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Until two years ago, the day on which Supersol published its financial statements was a happy occasion at the IDB group. The supermarket chain was the most prolific cash cow in the entire group.

Even after the onset of the economic slowdown, the thousands of cash registers at the chain's 150 branches continued to generate income at a fantastic rate; and at the end of 2001, as the recession bit deep into every segment and sector, Supersol maintained its rising profits.

At the start of 2002, when Nochi Dankner began negotiating to buy IDB Holding Corporation, Supersol was considered the group's crown jewel.

Yet in the last half year, even before Dankner took the reins at IDB, he knew that the gem had cracked, and that the chain was going to become the group's problem child. And indeed, from quarter to quarter, its operating results dwindled. Sunday, the company reported its second straight quarter with operating losses.

Now that Supersol has lost the title, which firm will be IDB's new crown jewel? On what company can Nochi Dankner rely to serve as his deep pocket?

The least-talked about firm in the company's entire wide-flung portfolio, of course; the company with the smallest advertising budget; a firm whose financial statements attract absolutely no interest whatsoever.

A few points for comparison

Clal Insurance has yet to publish its results for the second quarter of 2003; but we can guess that unlike Supersol, the scars of the recession will barely show, and profits will continue to flow. Here are a few points of comparison between the two companies:

*Supersol's customers have become increasingly sensitive to prices. Their disposable income is eroding and more and more are unemployed. Moreover, long-time customers are sick of being suckers and like to buy cheap. The result is relentless pressure on Supersol's margins, and leakage of customers to competing discount stores.

Clal Insurance's customers, on the other hand, are generally unaware of the price they pay for their life-insurance policies, which are the company's main source of profit. They do not know how to read their policies; they have no idea what they are paying and for what; and they do not question whether they'd be better off with another form of investment.

*Supersol's customers have no loyalty to the chain or to its sub-brands - Hyper-Neto, Universe Club, Cosmos or Machsanei Mazon. Sometimes a single visit to a cheaper or more convenient store, or one open on Saturdays, seems sufficient grounds to ditch their usual Supersol branch. Customer club cards don't help either, if customers feel they're getting a better deal somewhere else.

But Clal Insurance's customers have no practical option of getting a better deal elsewhere. They are tied to the company through a long-term agreement that is very hard to break. Almost nobody shifts from one insurer to another. The main danger facing Clal Insurance is the falling wages of its customers, who may even have to cancel their policies outright if they lose their jobs.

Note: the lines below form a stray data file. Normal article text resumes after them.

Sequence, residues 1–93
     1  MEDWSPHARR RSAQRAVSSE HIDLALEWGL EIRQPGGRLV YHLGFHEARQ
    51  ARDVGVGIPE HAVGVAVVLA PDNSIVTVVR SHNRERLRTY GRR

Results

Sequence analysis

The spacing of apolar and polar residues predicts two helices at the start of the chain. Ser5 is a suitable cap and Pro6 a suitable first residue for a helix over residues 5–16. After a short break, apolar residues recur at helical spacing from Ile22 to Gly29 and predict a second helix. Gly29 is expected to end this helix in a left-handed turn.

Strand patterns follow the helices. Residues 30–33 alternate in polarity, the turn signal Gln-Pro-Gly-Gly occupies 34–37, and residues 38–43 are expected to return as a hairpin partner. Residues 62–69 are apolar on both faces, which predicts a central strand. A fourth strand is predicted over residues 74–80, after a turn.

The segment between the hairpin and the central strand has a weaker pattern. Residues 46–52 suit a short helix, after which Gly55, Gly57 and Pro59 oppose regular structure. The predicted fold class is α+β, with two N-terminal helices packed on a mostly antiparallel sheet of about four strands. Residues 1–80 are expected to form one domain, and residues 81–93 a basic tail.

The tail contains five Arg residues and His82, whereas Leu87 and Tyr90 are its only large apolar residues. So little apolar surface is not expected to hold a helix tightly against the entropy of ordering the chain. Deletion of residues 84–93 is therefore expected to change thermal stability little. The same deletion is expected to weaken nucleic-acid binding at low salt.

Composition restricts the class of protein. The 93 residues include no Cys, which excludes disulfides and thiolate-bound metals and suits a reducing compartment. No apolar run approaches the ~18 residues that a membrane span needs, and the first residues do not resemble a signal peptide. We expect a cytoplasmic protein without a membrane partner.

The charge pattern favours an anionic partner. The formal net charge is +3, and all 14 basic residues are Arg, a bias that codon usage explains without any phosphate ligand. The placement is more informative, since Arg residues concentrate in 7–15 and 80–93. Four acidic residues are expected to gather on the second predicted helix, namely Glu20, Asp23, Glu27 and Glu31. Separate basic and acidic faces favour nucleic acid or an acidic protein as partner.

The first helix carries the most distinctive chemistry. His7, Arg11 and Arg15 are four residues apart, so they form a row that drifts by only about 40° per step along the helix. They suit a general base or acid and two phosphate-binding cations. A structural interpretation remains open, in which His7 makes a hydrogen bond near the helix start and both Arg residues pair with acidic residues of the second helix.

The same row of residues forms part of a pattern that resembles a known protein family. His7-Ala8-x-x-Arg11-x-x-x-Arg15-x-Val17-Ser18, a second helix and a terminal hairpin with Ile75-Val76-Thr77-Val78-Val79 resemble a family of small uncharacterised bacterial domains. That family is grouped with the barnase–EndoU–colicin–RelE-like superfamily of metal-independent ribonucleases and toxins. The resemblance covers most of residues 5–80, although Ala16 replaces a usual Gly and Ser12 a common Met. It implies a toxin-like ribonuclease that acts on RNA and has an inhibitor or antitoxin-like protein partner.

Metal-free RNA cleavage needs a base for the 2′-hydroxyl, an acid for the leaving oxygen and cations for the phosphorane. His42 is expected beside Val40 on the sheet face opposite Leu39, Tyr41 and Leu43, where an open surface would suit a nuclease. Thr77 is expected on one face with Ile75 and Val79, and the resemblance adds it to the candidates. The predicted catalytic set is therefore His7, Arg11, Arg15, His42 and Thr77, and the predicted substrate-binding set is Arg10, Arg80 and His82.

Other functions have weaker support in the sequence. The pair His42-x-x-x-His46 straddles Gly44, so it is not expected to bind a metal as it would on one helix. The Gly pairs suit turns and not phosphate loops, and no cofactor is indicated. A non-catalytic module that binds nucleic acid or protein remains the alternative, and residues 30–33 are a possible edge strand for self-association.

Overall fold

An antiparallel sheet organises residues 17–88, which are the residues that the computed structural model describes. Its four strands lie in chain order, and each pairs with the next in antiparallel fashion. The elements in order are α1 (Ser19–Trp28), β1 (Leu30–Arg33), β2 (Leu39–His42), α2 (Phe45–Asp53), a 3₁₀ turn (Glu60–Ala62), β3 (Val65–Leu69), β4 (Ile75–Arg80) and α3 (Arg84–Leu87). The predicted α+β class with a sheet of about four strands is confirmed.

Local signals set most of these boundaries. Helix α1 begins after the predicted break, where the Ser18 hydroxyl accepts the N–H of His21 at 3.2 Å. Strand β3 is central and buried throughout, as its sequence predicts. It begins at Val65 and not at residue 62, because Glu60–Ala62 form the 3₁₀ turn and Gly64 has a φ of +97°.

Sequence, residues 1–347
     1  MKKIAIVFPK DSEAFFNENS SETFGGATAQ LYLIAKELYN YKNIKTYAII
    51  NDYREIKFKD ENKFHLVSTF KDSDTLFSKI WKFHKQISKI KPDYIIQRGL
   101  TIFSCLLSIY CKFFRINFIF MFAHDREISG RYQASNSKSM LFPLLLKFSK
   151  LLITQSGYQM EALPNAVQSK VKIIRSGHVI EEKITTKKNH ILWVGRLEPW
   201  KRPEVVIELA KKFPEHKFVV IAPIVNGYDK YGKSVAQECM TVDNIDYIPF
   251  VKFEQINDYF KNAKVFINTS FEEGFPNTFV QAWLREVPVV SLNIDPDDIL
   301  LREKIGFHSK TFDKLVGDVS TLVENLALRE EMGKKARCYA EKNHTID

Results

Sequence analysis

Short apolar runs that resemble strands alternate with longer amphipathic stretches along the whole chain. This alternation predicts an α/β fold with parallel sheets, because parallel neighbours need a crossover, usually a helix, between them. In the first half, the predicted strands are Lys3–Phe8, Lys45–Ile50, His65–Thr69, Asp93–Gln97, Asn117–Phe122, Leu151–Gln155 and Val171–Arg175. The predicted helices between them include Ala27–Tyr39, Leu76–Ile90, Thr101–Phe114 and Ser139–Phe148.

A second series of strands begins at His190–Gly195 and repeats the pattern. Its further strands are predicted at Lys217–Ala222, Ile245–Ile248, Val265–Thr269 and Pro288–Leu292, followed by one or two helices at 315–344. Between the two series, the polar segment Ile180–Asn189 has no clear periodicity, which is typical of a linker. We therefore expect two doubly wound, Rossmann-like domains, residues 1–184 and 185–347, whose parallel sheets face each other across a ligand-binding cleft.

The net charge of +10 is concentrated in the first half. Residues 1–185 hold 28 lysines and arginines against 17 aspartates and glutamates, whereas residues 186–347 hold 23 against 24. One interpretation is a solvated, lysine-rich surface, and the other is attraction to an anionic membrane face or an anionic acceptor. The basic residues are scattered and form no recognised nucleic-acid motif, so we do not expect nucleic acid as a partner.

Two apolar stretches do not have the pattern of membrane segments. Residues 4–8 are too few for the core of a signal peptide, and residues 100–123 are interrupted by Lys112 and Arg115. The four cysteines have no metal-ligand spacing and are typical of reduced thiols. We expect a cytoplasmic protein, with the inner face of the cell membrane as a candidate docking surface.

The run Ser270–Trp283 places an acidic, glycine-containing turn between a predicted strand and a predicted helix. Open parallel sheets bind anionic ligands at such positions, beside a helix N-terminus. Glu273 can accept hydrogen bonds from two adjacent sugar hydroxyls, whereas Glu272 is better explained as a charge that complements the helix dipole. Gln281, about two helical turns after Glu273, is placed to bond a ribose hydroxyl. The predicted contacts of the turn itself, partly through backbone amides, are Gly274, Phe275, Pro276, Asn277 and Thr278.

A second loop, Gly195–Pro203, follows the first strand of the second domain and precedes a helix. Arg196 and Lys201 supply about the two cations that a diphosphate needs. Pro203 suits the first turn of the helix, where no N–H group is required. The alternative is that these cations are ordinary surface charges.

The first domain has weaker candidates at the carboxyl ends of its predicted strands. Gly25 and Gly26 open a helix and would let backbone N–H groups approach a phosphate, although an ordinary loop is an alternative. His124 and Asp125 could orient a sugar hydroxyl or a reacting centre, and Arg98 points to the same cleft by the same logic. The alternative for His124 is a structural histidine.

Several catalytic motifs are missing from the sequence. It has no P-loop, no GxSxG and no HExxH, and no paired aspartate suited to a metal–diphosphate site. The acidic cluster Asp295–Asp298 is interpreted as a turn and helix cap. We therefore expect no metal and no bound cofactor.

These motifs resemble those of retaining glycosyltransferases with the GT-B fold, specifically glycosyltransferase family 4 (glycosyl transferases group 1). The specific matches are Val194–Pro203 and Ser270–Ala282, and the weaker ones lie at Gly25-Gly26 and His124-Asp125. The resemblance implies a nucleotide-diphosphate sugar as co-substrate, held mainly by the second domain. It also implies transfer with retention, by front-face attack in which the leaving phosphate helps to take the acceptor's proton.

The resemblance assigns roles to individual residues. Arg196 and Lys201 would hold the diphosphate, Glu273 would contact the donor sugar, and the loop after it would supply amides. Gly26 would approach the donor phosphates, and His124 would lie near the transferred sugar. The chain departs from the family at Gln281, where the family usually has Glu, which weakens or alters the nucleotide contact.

*Supersol expanded rapidly in recent years. It opened dozens of new branches and invested tons of money in branding its sub-chains. With the recession now hitting hard and competition even fiercer, it is very hard to roll backward, abolish those long-term rental contracts and close down branches.

Clal Insurance has also felt the recession through cancelled policies and rising redemptions; but it does not have hundreds of branches tied to long-term contracts. Its distribution is handled through agents who live on commission. It also has to adjust to the harsher circumstances, but it has a lot more wiggle room.

*Discount stores like Hetzi Hinam and Tiv Ta'am are gouging chunks of business from Supersol. They have all the advantages of big players, without Supersol's disadvantages. They can open on Saturdays; they can sell non-kosher foodstuffs; their management costs are markedly lower; and they have managerial freedom of the kind a publicly traded firm like Supersol could never have.

Insurance has also seen the entry of new players, namely the direct insurance companies; but they just helped the veteran, big players adapt faster.

The Antitrust Authority has been investigating how the retail chains contract with suppliers for years. The chains' managers have spent no small amount of time being questioned at the watchdog's offices.

Insurance, on the other hand, is just starting to see the first buds of regulatory involvement, which ultimately aims to reform the industry. Only now has the regulator begun to demand that the companies disclose the real cost of policies to customers. Only now have the insurance companies' profits come into the range of the treasury's reforms.

*For Supersol, each quarter has become a war over profitability, cash flow, bargains and marketing. Mistakes leap straight to the chain's bottom line.

Clal Insurance, on the other hand, has a fat life-insurance portfolio that has generated handsome profits over years and years. Mistakes made today will reduce results years in the future.

*Supersol's second-quarter results clearly showed the marks of the recession. Despite the timing of the Passover holiday, in the second quarter of this year, versus the first quarter of last year, the chain's sales slid and its operating profit eroded.

Clal Insurance, in contrast, will be posting handsome gains from its investments in stocks and bonds because the stock market, unlike the hapless supermarket chain, had a great second quarter.